2. Take the research and contemplation you have done about yourself and identify the skills that you have that the company needs.
   3. By understanding both the company’s needs and the skills and traits you can offer, you can compare the two and determine how you, as a potential employee, can most help the company.
   4. Explain and demonstrate to the company’s representatives how your skills will benefit them by citing specific examples of how you’ve applied your skills in the past.
   5. Lastly, be sure to show the company how your soft-skills complement and compound your technical skills, making you an even more valuable potential employee.


A widely used and very good technique for positioning your skills and experience within a résumé is commonly referred to as PAR (Problem, Action and Results). Use the PAR approach when citing past work experiences and accomplishments to explain your value to your potential new employer. PAR statements, in essence, answer the following questions in the following order:

   1. Problem – What problem did I solve for my employer?
   2. Action – What action did I take to solve the problem for my employer?
   3. Results – What were the beneficial results of my action?

Consider using the PAR structure when detailing your prior employment experience. For example, a PAR statement on your résumé would read:

Reduced cost of purchased network systems by over $35,000 by finding and negotiating with alternative suppliers.

Implemented standardized configuration control standard to streamline helpdesk operation and increase calls handled per hour by over 23%.


Make sure your résumé highlights outstanding recognition you have received for past accomplishments. Such recognition and awards might include:

    * GILD Certifications
    * Customer recognition for an achievement
    * Co-worker recognition for an achievement
    * Manager recognition for an achievement
    * A promotion
    * A company award
    * A productivity bonus
    * Being selected to assume greater, special professional responsibilities

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Sunday 12 February 2012

How to Stand Out in a Phone Interview

More employers are using phone interviews as screening mechanisms to narrow down their applicant pool. These calls can range from short and perfunctory to long and in-depth, but either way, it's crucial to be prepared for them.

Here are 10 tips to help you become a phone interview ninja:
1. Ask ahead of time how much time to allot for the call.This can tell you what type of interview to expect. If you're told it'll take 10 to 15 minutes, it's just going to be a simple screening to check your basic match-up with the job. But if you're told to set aside 45 minutes or an hour, expect a much more thorough call where you might be asked about past accomplishments and where you might face behavioral interview questions.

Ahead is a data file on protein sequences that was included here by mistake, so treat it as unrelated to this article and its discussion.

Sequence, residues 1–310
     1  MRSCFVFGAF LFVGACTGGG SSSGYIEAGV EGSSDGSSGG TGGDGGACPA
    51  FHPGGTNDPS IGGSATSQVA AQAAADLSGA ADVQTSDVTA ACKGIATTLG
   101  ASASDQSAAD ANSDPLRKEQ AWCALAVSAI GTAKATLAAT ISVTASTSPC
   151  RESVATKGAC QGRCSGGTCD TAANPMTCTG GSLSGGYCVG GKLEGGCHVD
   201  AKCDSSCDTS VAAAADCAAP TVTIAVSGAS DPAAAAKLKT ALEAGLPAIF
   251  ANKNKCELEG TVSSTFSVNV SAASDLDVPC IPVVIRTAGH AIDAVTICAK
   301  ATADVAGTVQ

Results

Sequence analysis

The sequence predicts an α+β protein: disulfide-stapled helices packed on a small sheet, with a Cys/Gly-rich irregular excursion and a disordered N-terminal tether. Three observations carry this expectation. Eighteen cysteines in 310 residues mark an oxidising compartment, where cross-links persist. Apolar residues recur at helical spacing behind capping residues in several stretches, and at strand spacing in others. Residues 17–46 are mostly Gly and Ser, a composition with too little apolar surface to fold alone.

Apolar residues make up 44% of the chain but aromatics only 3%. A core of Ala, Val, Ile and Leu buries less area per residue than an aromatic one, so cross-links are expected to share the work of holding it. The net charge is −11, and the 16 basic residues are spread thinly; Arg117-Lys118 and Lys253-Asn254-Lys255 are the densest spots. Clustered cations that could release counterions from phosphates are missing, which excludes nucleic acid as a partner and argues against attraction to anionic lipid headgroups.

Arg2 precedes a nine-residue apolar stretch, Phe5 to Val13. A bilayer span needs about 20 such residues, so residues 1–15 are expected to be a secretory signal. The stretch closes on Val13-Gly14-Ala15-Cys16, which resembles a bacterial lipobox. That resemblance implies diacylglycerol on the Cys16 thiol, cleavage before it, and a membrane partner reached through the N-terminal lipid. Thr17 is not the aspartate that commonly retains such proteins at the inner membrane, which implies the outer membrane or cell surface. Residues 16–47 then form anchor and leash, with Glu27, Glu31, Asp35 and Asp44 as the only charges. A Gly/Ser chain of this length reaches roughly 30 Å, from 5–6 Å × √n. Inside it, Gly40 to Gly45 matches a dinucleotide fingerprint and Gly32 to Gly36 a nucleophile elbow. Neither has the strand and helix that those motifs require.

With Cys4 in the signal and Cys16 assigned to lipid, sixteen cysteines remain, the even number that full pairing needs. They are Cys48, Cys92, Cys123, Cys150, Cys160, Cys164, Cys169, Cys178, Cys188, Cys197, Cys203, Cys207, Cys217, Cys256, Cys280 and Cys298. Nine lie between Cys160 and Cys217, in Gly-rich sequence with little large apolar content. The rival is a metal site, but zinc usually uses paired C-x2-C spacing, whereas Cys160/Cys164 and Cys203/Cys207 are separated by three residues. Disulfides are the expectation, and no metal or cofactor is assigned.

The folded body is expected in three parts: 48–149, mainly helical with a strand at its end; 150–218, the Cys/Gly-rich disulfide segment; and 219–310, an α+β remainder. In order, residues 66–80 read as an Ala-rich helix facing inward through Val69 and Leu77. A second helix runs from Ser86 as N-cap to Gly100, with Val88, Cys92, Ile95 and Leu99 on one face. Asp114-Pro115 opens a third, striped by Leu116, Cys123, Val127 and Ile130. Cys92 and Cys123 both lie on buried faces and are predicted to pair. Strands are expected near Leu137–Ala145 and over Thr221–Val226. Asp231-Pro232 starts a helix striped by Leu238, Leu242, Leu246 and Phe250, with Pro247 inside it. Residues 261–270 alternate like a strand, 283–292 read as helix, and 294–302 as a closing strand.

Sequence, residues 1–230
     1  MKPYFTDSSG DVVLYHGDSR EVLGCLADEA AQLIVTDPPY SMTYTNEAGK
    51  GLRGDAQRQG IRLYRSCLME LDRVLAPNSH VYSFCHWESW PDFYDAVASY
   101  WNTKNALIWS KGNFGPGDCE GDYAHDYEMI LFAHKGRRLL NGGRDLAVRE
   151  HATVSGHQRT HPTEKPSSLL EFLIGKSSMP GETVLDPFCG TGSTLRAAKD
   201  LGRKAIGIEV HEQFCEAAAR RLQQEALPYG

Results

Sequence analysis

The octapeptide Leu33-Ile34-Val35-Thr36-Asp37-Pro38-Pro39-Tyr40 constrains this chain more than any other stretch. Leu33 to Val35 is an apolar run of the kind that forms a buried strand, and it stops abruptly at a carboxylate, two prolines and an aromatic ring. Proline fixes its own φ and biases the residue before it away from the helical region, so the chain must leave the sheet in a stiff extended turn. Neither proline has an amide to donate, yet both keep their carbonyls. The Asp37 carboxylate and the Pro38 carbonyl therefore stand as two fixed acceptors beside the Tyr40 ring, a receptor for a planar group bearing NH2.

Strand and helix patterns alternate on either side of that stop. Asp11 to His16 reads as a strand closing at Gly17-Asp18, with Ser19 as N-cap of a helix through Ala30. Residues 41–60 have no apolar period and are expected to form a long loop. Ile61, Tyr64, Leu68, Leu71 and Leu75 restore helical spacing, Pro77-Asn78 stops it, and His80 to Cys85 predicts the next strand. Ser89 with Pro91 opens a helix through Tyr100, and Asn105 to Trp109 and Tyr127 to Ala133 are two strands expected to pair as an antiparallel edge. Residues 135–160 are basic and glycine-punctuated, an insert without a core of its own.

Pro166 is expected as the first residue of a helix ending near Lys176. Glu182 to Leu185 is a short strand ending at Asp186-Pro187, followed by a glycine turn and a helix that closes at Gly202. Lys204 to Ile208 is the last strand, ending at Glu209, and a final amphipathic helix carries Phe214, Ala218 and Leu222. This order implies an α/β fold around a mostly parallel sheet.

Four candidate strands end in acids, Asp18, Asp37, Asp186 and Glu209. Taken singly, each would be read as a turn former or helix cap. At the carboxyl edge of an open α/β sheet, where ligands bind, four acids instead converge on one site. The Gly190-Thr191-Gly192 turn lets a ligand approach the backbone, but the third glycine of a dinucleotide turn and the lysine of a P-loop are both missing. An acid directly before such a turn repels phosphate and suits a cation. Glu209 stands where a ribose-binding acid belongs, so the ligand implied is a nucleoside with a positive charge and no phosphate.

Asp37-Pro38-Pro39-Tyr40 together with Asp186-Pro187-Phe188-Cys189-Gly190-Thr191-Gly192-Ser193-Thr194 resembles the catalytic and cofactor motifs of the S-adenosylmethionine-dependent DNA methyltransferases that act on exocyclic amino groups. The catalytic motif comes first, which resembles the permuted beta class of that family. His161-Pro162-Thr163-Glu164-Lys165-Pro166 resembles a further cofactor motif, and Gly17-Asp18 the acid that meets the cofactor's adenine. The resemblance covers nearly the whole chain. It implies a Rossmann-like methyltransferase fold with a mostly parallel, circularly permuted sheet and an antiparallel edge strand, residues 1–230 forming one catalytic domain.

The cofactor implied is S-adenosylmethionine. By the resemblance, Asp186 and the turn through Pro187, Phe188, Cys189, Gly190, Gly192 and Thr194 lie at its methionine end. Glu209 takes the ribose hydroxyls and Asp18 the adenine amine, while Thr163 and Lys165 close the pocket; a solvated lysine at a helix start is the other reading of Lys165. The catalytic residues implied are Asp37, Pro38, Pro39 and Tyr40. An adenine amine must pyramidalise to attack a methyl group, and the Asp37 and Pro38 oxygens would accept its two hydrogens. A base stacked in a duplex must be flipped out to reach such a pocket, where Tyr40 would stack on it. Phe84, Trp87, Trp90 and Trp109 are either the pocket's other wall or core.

2. Make sure you have somewhere quiet to talk where you won't be interrupted. This sounds obvious, but some candidates on phone interviews get interrupted by kids, barking dogs, coworkers at their current jobs, or other calls coming in. Not only does this come across as unprofessional and as if you're not taking the opportunity seriously, but it also will harm your ability to focus.

When to Talk About Salary

Bringing up salary too early with a potential employer might cost you the chance of landing the job. Wait too long and you might not get to negotiate. Let's look at when to talk about salary in two scenarios: working with a recruiter and working with the company hiring manager.
When Working with a Third-Party Recruiter
Discussing your salary expectations with a recruiter early in the your relations will help her present you with the most appropriate opportunities. Remember that a recruiter wants to make the opportunity work for her client and for you, so bluffing or withholding information about the salary makes the situation more complicated than it needs to be.
She will have a better idea of what a company is able to pay; if it doesn't meet your requirements, then either she'll approach you with opportunities that are better suited or if it's not that far off, she can assess the situation upfront and open the possibilities. And remember: if she specializes in your industry niche, she can give you insider information about what you can expect in your local market.

5 Questions to Ask on Your Next Interview

When it comes to job interview prep, much emphasis is put on having the right answers. But while you're struggling to come up with responses to queries on your biggest weakness and why you should be hired, don't forget to craft some smart questions, too.
You will be judged, after all, by what you ask (or fail to ask).
"Candidates should always have questions prepared to ask during the interview," says Tom Gimbel of the Chicago-based staffing firm The LaSalle Network. "A lack of questions demonstrates a disinterest in the position and lack of preparation for the interview."

Three Clues You’re About to Lose Your Job

The firing process is God awful. (No matter how gleefully Mitt Romney extolled its virtues on the campaign trail.) People hate to cause pain, so there's major stress involved with letting someone go for underperformance. Of course this doesn't even come close to the anguish of the person beingfired. Can't this whole process be avoided?
Both sides may wonder how it ever came to this. Managers question why people don't see the writing on the wall and voluntarily exit a company. Employees feel blindsided.